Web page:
Thrips should be dealt with when they arrive, and their arrival will be seen on the Bean plants first. N.cucumeris can be re-applied at 100 to 200 mites per square meter either directly applied or by slow release packs will manage a thrip attack on Peppers. Anystis baccarum in addition to cucumeris offers the best thrips control. Anystis will begin to feed on cucumeris when no thrips are present, but the regular application of cucumeris is a cost-effective way to keep the more voracious Anystis in the crop. The Stratiolaelaps in the growing media will prevent any of the soil pupating Thrips from cycling. If a leaf pupating thrip establishes, such as Echinothrips, it is a very serious threat and should be dealt with by doubling the Anystis and the cucumeris rate (at least 200 per plant) and by using numerous blue sticky traps with Vanilla (or Almond) extract on them. The vanilla will attract the Thrips away from the plant, onto the cards.

Main Season

If a general spider mite infestation is occurring, apply Stethorus punctillum at a rate of 500 per hectare, every 3 weeks. The Stethorus will fly about the greenhouse and have a preventative effect. They find spider mite by smell. We frequently find Stethorus associated with newly found hot spots. See below; Spider Mite Strategy Overview. Whitefly should be under control based on the preventative releases. But the increased density of the crop should be responded to by doubling the rate of Encarsia. Delphastus catalinae will remove very large numbers of whitefly eggs and can be used to reduce outbreaks. If Bemisia are present, Delphastus should be released every two weeks at a rate of 0.1 to 1 per square meter, depending on level of infestation. The banking Eggplants can be vacuumed with a “Dustbuster” or, even better, inoculated with extra Encarsia and Delphastus. In extremely hot situations (over 30 Celsius) whitefly adults will only live for a few days (instead of months) and will not lay eggs. See below; Whitefly Strategy Overview. Aphid control should shift entirely to Aa, as all Aphidius species will now be infested with hyperparasites. Any aphid banking system should be converted to Aphidoletes by introducing Aphidoletes directly onto the bankers. Please note that we do not recommend any Aphid Banking System. See below; Aphid Strategy Overview.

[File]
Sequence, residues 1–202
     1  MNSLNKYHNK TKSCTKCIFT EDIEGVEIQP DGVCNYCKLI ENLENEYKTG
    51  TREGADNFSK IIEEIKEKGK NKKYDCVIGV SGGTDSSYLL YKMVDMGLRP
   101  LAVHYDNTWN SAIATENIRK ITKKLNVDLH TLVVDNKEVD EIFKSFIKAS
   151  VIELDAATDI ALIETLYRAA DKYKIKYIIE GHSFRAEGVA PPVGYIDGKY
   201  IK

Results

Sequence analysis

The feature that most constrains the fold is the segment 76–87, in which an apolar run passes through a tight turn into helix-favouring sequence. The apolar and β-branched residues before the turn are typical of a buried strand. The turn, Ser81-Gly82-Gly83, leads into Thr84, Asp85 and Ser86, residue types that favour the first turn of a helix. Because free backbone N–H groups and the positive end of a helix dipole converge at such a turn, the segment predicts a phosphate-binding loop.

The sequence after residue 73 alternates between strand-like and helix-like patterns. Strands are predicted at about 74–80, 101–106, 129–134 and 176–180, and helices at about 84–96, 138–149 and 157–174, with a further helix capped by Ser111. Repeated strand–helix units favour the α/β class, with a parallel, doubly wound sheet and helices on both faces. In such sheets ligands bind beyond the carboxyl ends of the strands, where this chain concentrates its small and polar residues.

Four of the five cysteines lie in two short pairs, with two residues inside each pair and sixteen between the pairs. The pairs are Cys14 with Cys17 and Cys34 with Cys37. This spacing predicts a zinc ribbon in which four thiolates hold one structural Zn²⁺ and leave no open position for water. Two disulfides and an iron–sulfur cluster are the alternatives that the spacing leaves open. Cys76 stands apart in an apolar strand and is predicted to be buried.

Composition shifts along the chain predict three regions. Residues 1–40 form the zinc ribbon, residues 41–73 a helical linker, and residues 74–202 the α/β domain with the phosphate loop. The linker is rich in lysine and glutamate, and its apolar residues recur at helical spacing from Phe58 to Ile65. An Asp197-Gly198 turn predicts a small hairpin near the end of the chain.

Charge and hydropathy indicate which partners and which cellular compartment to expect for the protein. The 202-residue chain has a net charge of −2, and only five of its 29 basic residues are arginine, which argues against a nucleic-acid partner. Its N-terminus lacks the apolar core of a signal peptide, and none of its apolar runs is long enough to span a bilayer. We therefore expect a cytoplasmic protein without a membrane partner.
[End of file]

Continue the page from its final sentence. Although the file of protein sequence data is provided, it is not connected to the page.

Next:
Late Season

This is the most important time of the year for spider mites. What you do at this time will determine how bad the next year will be. Every effort should be made to eliminate all of the spider mites before the beginning of September. Once the day-length begins to noticeably decrease and the evening temperatures drop, the spider mites begin diapausing. In a diapause state, spider mites are more resistant to chemicals and are not as attractive to the beneficials. Rates of Encarsia should be now at a minimum of 3 per square meter, due to the density of the crop. Adding parasites beyond 6 per square meter will have very little effect, as there are just too many whitefly and the stickiness of the honeydew will begin to impair the movement of all of the parasitoids. Delphastus will continue to work at very high whitefly densities but their impact will not be quickly seen, as they will graze on the eggs and the adult whitefly will live on for months. Aphids must be in good control going into the fall as the Aphidoletes may stop cycling due to diapause. Preventative releases will still work, as they are not being asked to cycle. Aphidius can work very well in the fall, especially if they were not used in the summer, reducing the pressure of the hyperparasites. Micromus variegatus and Anystis baccarum experience no negative impact by the cooler and darker season in terms of predation and will continue in your crop until clean-out.

Spider Mite Strategy Overview

Cleanup is essential. Physical washing and Stratiolaelaps will both have extremely high returns on investment. The monitor/banker system using beans works very well. So well, that Spider Mite has become a much lower level pest in some of our houses. The use of N. fallacis was first used to prevent chronic Russet mite problems in New England on Tomatoes. We found that, not only did the Nf eliminate the Russet mite, but the growers who used it had much better spider mite control in the following season. Nf will stay in the Peppers at low or no spider mite densities, as they are true generalists and will feed on pollen, whitefly, Thrips and any other small eggs. Their Achilles heel is that they can’t tolerate webbing, like all other Amblyseius/Neoseiulus species. Phytoseiulus persimilis is still the industry standard for knocking down two-spotted spider mite infestations but Stethorus punctillum has become a standard in some Pepper houses. These small black Beetles are Spider Mite specialists. They go after all of the commercially relevant mites, finding them by smell. Introductions once the house has warmed up and some Spider Mite pressure is seen will have a significant effect. As in all Beetles, a thorough clean-up is not expected, as they tend to graze in the most productive spots, laying their eggs in the low density left overs, but, in Peppers, they are frequently the only control needed, as the delay is usually enough for us, or the persimilis to find the spot.